Now that you’ve had an extra week to catch up on the Expanded Definition project and perform peer review, this week I will show you how to submit your final draft to our OpenLab Course Site, which you should do before next Wednesday’s lecture (Oct. 21).
As noted previously, your document should resemble this model with headings for each section. Please remember that the bracketed information should not appear in your final document–it’s only for explanation from me to you.
Your Name's Expanded Definition of YOUR TERM TO: Prof. Jason Ellis FROM: Your Name DATE: Due Date SUBJECT: Expanded Definition of YOUR TERM Introduction [Heading Level 2] What is the purpose of this document? What term are you defining? How are you discussing the way it is defined and the way it is used in context? Describe a road map for what follows (definitions and context). This content should be published as paragraphs, unlike the heading for this section, which is a level 2 heading. Definitions [Heading Level 2] Quote several definitions of the term that you selected. Provide quotes and parenthetical citations for each definition, and include your sources in the References section at the end of the document. Each definition that you include deserves discussion in your words about what it means and how it relates to the other definitions that you include. Consider how they are alike, how are they different, who might use one versus another, etc. Context [Heading Level 2] Quote several sentences from a variety of sources that use the term in context. A range of sources would provide the best source material for your discussion of how the term is used in these contexts. For example, a quote from an academic journal or two, a quote from a newspaper or magazine, a quote from a blog, and a quote from social media would give you a range of uses that might have different audiences. For each quote, you should devote at least as much space as the quote discussing what it means in that context and how it relates to the other quotes in context. Each quote should be in quotes, have a parenthetical citation, and a bibliographic entry in your references at the end of your document. Working Definition [Heading Level 2] Based on the definitions that you quoted and discussed, and the contextual uses of the term that you quoted and discussed, write a working definition of the term that's relevant to your career field or major, which you will need to identify (this is the specific context for your working definition). References [Heading Level 2] Order your APA-formatted bibliographic references by the author's last name, alphabetically. In your posted version, they do not need a hanging indent. And, they should not be in a bulleted list.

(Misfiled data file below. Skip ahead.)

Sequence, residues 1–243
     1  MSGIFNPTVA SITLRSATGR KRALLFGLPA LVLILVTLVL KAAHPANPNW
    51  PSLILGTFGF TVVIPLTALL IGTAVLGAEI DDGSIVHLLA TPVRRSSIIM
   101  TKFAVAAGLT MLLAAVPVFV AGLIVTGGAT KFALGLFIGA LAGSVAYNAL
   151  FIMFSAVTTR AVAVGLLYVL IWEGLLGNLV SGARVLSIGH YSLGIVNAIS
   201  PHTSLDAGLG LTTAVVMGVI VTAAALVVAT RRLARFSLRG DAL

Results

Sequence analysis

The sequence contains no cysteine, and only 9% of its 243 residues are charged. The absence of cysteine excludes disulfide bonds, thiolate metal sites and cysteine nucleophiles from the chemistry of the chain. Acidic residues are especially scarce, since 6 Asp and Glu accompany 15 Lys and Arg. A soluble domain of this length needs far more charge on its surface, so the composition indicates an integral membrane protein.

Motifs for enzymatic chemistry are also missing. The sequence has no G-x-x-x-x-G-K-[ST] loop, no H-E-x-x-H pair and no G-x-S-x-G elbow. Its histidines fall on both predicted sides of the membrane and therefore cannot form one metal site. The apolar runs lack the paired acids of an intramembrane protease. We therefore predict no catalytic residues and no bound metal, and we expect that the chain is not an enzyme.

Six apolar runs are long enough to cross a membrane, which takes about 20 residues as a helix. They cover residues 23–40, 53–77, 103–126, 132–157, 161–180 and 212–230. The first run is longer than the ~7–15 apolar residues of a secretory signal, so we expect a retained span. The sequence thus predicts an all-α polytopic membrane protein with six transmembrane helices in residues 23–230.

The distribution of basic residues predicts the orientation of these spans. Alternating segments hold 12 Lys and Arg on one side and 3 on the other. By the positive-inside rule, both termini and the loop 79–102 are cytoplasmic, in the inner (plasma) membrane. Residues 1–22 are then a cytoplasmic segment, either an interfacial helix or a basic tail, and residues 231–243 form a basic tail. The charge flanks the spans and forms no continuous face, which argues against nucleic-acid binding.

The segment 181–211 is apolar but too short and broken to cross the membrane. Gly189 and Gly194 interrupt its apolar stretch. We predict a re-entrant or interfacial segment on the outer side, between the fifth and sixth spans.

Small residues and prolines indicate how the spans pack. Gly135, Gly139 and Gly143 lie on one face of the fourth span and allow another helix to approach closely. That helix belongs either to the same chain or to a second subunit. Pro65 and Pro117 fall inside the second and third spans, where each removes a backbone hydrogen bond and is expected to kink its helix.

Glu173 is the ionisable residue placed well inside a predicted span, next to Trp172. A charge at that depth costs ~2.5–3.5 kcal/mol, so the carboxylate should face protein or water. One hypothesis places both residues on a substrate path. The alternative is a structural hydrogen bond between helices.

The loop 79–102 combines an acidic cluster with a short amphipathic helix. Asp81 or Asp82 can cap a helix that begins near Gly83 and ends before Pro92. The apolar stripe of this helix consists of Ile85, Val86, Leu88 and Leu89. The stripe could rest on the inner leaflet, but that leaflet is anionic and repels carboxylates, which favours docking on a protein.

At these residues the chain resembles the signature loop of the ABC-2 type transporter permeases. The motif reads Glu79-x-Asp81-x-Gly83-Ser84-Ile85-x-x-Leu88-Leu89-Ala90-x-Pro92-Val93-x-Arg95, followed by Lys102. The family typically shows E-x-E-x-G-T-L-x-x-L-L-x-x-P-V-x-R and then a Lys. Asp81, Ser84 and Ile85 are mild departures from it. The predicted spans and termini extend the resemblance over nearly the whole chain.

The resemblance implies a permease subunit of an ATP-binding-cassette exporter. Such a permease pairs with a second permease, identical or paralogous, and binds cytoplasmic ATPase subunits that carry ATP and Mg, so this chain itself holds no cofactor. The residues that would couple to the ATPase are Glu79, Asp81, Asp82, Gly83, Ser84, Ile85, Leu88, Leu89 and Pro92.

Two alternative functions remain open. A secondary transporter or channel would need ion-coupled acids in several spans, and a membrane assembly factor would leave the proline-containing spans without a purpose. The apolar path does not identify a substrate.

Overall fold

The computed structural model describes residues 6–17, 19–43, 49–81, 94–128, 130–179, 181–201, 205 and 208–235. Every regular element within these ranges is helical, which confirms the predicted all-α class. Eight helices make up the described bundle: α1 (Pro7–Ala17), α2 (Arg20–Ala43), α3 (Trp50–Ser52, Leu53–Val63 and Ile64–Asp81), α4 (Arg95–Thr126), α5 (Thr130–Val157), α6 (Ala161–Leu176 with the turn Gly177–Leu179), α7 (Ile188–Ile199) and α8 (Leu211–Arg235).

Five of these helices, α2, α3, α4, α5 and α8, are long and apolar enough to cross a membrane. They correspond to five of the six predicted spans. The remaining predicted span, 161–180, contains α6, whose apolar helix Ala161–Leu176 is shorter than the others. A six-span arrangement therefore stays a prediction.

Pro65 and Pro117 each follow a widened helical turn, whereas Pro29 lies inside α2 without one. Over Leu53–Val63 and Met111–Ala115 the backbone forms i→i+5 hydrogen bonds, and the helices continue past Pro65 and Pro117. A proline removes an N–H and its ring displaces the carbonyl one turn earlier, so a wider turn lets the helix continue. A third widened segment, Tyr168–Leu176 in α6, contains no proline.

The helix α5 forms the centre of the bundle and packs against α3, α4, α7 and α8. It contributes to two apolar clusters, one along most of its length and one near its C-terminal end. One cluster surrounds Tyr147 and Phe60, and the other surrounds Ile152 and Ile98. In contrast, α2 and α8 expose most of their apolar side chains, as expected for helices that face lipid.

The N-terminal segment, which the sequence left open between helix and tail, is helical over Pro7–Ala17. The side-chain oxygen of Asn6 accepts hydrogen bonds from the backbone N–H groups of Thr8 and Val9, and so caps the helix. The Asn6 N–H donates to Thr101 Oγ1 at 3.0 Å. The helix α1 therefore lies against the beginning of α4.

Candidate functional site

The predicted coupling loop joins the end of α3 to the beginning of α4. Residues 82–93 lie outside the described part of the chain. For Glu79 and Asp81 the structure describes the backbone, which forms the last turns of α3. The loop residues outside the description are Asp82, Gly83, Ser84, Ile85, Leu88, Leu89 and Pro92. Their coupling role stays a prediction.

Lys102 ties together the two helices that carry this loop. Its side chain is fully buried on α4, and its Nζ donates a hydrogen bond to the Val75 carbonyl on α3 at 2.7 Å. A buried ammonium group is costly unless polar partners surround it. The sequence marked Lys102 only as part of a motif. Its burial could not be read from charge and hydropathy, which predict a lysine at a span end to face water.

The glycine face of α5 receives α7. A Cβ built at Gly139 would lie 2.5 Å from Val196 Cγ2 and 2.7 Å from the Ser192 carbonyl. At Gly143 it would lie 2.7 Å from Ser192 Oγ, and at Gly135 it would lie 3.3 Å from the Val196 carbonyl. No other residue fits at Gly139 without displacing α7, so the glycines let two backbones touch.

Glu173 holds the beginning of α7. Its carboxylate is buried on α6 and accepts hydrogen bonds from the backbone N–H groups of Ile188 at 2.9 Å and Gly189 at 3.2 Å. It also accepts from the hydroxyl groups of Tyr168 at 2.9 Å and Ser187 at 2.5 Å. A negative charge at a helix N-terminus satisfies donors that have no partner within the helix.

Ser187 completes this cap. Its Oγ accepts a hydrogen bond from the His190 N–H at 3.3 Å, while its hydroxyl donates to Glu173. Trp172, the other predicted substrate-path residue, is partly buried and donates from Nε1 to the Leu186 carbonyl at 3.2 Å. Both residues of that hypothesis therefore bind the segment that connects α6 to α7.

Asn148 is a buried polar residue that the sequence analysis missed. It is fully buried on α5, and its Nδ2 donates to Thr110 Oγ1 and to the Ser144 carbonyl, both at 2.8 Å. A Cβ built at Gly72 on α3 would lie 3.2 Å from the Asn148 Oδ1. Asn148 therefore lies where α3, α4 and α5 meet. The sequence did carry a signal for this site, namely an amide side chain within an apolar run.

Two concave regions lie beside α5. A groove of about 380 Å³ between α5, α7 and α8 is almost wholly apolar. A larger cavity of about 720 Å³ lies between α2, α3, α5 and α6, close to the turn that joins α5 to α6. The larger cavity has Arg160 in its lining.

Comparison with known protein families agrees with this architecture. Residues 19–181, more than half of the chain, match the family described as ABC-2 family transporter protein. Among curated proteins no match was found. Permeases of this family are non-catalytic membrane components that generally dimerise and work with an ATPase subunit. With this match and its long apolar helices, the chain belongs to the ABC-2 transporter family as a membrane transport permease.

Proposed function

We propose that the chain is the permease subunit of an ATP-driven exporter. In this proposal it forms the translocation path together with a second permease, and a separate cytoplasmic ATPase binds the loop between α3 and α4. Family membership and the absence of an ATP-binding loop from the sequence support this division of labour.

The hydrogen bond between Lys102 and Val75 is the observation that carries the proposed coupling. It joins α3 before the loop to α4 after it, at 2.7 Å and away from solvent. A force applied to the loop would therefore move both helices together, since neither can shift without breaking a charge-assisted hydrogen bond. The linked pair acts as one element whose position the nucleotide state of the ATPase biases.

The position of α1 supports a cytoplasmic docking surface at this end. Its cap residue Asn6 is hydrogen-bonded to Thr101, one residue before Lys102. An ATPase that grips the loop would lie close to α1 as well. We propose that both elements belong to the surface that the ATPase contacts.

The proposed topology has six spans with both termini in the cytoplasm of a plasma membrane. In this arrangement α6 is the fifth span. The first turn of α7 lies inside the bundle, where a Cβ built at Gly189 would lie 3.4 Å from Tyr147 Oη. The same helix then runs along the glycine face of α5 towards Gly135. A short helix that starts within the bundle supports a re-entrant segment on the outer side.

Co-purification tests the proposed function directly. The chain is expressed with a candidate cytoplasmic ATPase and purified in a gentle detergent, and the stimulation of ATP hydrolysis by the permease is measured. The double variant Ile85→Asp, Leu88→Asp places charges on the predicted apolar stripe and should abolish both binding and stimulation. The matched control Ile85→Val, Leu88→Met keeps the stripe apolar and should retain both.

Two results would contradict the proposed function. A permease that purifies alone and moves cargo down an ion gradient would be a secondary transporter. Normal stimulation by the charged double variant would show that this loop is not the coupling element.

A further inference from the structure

To turn in your work, you will create a new post on our OpenLab site as you did for the 500-Word Summary project. The steps below should get you started.
If you have questions about posting, please email me at jellis at citytech.cuny.edu.
We’re already at Week 7! Congratulations!